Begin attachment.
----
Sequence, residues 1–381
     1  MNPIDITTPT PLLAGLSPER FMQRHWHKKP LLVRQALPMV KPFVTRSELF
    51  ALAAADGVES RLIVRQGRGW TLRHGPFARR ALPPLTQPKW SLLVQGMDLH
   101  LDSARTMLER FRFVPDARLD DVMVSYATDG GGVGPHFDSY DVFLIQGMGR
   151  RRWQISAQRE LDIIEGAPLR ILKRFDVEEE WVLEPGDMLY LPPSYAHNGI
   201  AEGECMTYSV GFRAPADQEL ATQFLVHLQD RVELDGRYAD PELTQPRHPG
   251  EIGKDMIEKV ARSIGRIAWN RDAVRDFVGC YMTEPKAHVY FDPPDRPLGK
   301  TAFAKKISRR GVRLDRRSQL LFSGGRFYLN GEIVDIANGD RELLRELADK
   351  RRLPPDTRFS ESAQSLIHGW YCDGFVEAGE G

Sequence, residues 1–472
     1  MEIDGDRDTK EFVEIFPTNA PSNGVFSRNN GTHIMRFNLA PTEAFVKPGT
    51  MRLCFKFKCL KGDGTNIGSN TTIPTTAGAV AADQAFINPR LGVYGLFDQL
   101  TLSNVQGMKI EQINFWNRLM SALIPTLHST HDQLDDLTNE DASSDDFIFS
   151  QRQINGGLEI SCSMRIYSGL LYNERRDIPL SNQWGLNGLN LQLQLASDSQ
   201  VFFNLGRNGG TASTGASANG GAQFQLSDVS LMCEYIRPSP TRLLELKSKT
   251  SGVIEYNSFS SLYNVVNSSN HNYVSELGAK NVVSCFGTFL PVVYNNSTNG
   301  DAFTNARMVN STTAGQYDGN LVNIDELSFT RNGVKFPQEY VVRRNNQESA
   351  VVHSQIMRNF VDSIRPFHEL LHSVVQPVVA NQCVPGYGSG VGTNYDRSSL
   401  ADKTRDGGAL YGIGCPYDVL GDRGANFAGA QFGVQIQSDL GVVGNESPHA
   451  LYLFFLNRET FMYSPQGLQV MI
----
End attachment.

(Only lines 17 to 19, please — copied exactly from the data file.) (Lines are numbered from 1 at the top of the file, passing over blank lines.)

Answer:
   301  DAFTNARMVN STTAGQYDGN LVNIDELSFT RNGVKFPQEY VVRRNNQESA
   351  VVHSQIMRNF VDSIRPFHEL LHSVVQPVVA NQCVPGYGSG VGTNYDRSSL
   401  ADKTRDGGAL YGIGCPYDVL GDRGANFAGA QFGVQIQSDL GVVGNESPHA